The Auto-Shutdown policy is another important policy to ensure our virtual machines don’t expend more than what we planned for them. If we have a time window to use the virtual machines, the auto-shutdown policy can deactivate them at the right time.
We need to discover the deep internal details about the auto-shutdown configuration before creating the policy. The method we can use is to set this configuration and export the virtual machine as a template. We change the configuration to on and off, export and check the difference.
After testing the export template you will discover that Azure creates an object of type Microsoft.DevTestLab/schedules when the auto-shutdown configuration is defined. Azure creates this object the first time we enable the auto-shutdown configuration. However, when we disable it, Azure doesn’t drop the object, it only disables it. Azure enables the existing object again when the auto-shutdown configuration.
Schedules and Properties
We need to check the Microsoft.DevTestLab/schedules. We will test the property targetResourceId to ensure the schedule belongs to the correct machine machine and the status property to check if the schedule object is enabled or not.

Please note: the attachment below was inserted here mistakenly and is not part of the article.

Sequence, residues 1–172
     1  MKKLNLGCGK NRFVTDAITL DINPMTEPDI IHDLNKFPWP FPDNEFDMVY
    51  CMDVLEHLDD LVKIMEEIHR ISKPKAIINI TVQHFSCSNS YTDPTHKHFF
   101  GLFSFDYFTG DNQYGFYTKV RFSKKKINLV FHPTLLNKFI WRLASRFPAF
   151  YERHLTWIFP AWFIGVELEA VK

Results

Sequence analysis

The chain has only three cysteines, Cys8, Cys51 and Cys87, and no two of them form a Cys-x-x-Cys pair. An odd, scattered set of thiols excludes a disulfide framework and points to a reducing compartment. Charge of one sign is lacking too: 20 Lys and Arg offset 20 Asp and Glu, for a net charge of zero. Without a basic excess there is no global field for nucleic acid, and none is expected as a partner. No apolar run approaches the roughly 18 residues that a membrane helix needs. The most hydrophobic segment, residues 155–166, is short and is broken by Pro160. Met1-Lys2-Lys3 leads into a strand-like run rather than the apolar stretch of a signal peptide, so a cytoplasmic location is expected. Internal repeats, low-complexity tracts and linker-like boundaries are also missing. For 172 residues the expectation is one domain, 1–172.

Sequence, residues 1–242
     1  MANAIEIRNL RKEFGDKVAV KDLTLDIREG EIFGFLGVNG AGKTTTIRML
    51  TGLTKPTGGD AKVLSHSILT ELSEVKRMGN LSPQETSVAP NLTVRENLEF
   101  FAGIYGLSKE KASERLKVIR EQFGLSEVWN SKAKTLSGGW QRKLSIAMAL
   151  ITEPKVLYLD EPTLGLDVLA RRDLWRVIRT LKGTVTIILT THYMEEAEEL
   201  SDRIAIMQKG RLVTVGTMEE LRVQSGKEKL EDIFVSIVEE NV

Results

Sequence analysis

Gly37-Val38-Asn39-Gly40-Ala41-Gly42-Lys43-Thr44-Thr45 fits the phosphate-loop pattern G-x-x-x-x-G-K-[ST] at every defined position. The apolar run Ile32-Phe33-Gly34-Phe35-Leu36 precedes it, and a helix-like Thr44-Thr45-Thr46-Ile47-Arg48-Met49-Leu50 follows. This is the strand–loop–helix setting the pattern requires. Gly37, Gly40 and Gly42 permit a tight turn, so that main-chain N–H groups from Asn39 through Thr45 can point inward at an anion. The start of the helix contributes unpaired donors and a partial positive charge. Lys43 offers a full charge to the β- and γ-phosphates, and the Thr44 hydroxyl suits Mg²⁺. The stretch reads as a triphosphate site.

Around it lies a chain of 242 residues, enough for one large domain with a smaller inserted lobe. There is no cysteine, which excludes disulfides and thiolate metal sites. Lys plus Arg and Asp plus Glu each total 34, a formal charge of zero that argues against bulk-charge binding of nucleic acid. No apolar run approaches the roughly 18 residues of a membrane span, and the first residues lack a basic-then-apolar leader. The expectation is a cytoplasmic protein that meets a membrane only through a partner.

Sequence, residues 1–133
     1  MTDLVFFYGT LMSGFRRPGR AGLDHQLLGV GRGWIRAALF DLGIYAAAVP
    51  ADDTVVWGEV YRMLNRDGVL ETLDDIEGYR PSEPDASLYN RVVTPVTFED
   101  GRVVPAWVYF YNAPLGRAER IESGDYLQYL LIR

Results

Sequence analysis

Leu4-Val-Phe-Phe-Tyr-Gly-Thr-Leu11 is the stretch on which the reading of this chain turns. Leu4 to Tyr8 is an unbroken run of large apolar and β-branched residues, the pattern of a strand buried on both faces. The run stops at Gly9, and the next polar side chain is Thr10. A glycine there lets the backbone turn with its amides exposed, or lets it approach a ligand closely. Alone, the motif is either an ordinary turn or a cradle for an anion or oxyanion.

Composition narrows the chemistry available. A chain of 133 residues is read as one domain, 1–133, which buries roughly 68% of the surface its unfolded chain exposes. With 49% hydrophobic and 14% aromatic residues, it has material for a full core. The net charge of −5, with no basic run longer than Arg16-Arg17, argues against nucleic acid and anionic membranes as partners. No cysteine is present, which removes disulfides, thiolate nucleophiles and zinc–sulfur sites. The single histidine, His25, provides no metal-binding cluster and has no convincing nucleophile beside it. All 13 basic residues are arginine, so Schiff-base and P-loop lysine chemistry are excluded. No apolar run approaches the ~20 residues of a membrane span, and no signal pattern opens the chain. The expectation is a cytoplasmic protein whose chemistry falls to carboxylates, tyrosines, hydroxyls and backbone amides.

The policy require us to use the full name of the fields. The documentation about the full name of the fields is not always available. It’s a challenge to find them. After a lot of research, I discovered the full name of the fields:
A few weeks ago I wrote about parameterizing Azure policies. We can apply the same concepts to the auto-shutdown policy. The local IT teams will choose to enable the auto-shutdown configuration automatically or only audit when the configuration is enabled or not. The policy will allow them to choose between AuditIfNotExists or DeployIfNotExists
The policy will be like this:
Once created and assigned, you can check the policy to verify the result or apply remediation. I wrote a bit about this on the blog about evaluating Azure Policy tenant-wide
The auto-shutdown policy is one more important policy we should use in our Azure environment. Making it as a parameterized policy is one additional benefit for our environment.